For years the visitors to Polesden Lacey have heard the story of the extra wing that Mrs Greville built on to the house in 1906 to provide the study downstairs as her ‘private apartment’ with its washroom off in one corner and the ‘mysterious lift’ in another going up to her bedroom – how she could cut herself off from her guests with her own outside door to the courtyard so she could slip unnoticed in and out of the house. And upstairs was her bedroom…….. Even the door to her lift for so long remained closed. For years the upstairs was not available to see, it was part of the romantic story of the house with its many bedrooms closed to the public even though kings and queens had occupied its rooms with tales never to be revealed locked within the walls.
But now, at last, at the top of the majestic main staircase Mrs Greville’s own bedroom is open to the public, unfurnished, but left to the imagination how it would have looked, what furnishings it had and what went on inside its walls. From the windows there is the delightful view over the North Downs and Ranmore. En suite is the bathroom and toilet with its ‘thunderer’ unit just as it was in her day.
But – one moment – the bedroom isn’t above the study, it’s above the library. What is it that visitors have been told over the years? It never did quite make sense that in this large house Mrs Greville had only two private rooms, the study, quite a formal room and her bedroom. The study itself isn’t so big.
The solution is simple but introduces an important room so long closed off – upstairs past her bedroom at the end of the corridor is a handsome door just past the lift with its metal sliding doors. Behind the door is a revelation – the magnificent missing room! It is officially Mrs Greville’s Boudoir – a room more or less the shape of the study below – no small size, brightly lit with a large bay window and another looking out over the entrance to the house. It is slightly narrower than the study below as behind its south wall is the toilet and bathroom which is entered from her bedroom.
The ceiling is magnificent decorative plaster work and the walls are wood panelled just like the downstairs of the house. But how could anybody have done that to the walls – the wonderful oak panelling has been painted over with a cream emulsion – what would Mrs Greville’s have said to that! There is a large fireplace in the south wall with the hearth and surround taken away and again painted thoughtlessly with the same emulsion. How could anybody paint over a room like that! How sad that such a room could have been spoilt in this way.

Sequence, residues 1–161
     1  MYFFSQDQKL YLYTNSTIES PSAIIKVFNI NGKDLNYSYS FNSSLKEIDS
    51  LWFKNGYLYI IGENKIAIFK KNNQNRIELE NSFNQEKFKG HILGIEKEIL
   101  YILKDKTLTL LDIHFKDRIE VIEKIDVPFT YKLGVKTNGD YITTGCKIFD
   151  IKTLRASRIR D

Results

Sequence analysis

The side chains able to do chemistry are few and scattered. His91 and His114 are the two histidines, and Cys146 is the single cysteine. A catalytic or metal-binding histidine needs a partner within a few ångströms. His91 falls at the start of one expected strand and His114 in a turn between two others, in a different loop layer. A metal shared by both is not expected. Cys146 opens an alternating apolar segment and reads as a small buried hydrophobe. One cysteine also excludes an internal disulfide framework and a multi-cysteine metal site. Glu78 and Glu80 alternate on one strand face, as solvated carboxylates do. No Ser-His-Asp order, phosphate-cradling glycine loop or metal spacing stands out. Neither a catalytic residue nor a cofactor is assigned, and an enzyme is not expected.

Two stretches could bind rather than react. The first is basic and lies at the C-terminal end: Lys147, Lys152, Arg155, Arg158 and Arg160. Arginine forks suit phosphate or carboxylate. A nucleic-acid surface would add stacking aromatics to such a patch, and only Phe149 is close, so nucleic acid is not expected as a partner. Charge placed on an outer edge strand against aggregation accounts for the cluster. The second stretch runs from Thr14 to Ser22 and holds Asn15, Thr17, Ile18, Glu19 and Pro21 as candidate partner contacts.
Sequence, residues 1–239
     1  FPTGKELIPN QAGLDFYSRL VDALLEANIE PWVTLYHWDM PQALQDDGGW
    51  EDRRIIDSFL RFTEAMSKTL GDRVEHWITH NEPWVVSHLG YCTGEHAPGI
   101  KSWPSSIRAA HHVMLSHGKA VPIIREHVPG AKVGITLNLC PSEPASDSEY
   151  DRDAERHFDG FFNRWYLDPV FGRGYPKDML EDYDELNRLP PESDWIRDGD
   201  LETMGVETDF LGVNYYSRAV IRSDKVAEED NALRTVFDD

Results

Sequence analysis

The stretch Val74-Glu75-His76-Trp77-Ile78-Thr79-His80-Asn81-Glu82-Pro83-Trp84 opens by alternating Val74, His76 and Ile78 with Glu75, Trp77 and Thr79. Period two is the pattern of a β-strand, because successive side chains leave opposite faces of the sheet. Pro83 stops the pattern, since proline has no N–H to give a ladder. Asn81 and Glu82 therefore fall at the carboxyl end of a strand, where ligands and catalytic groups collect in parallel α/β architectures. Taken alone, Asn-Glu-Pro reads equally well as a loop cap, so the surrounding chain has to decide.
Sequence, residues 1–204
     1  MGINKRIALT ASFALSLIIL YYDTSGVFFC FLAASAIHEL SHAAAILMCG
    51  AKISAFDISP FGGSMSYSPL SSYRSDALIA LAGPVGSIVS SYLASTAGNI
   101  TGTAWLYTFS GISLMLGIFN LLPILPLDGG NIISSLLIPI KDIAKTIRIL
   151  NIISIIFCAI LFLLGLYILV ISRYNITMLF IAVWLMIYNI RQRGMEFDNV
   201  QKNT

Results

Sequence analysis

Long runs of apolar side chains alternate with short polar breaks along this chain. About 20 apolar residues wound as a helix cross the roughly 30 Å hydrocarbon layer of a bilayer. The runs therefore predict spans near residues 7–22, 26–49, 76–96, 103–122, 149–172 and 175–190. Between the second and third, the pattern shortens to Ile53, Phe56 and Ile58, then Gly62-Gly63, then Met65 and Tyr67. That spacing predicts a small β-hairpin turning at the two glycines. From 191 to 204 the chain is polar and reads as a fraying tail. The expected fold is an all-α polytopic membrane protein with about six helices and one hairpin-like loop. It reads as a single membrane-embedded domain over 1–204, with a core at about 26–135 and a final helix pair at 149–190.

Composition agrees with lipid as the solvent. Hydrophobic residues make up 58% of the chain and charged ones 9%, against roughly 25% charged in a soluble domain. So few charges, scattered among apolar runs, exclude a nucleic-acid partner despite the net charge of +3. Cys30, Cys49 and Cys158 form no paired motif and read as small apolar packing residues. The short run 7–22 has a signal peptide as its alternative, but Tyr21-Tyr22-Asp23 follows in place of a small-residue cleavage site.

Perhaps the room had been hidden for so long to allow Mrs Greville’s ghost to walk noiselessly about but certainly Mrs Greville’s ghost it contains. This was one of her main private rooms. What is a boudoir? It is sometimes referred to as a dressing room but the other main purpose of a boudoir is as a private drawing room. This surely was the room in which she could relax. Her house was forever full of kings, queens, princes, statesmen and great of the day but many were dull, boring and full of themselves. Some were good company but many had little more than their dignity and title. However Mrs Greville as the supreme hostess knew that dignitaries had their place – they were what the best hostess in the country had to have in the house to give her the standing she enjoyed in the social ladder. She herself was still in her forties in 1910, now no husband but endless wealth and life before her.
Seeing the room, the private apartments of Mrs Greville make sense as never before. She was no longer contained to a formal study and bedroom – she now had a private drawing room to relax and be the personality she was. The room now is bare of furniture but this has the advantage that imagination can create the furnishings. Was it richly carpeted with luxurious furnishings and comfortable seating? The imagination can place the chairs, tables, cabinets and pictures on the walls. We can only hope that one day Mrs Greville’s ghost will appear to show us exactly how she lived and what friends she entertained in the room. Robert Horne, the politician, was one of her regular guests to her parties. Was he a frequent visitor to her boudoir? Mrs Greville would have delighted in putting right the finances of the country with the Chancellor of the Exchequer and he always had an eye for the women. Perhaps she enjoyed the entertaining conversation with Osbert Sitwell in this room. Did the Queen Mother come here to drink tea with Mrs Greville. We shall never know – but this gives intrigue to the room and to the character of Mrs Greville.
It is one of the most important rooms in the house – a room in which the spirit of Mrs Greville lives and it tells so much more of the fascinating story of Mrs Greville.